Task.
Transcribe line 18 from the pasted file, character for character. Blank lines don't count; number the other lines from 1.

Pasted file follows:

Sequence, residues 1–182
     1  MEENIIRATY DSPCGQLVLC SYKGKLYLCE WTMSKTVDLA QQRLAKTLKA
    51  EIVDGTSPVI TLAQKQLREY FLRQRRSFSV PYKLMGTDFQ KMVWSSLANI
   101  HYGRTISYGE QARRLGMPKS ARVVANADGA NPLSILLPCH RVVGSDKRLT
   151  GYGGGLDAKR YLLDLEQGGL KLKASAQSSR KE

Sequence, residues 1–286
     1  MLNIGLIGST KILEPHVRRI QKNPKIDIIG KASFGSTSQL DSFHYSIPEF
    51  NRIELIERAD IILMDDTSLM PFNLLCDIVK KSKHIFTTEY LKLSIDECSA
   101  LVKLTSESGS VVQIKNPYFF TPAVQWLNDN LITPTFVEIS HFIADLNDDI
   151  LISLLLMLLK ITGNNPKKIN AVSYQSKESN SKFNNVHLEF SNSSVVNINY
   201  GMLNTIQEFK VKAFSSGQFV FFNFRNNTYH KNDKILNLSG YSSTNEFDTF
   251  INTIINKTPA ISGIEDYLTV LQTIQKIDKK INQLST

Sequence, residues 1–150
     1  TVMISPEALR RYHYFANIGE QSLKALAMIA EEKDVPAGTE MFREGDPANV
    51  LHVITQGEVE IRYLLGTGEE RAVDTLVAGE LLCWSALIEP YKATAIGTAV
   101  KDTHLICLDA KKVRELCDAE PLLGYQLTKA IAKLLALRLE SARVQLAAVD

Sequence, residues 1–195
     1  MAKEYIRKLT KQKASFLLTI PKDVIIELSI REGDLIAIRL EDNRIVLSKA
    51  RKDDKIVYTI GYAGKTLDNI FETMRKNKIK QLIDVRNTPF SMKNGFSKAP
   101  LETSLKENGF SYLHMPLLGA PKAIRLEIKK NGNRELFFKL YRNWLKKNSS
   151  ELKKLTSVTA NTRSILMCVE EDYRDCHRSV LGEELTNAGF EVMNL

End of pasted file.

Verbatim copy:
     1  MAKEYIRKLT KQKASFLLTI PKDVIIELSI REGDLIAIRL EDNRIVLSKA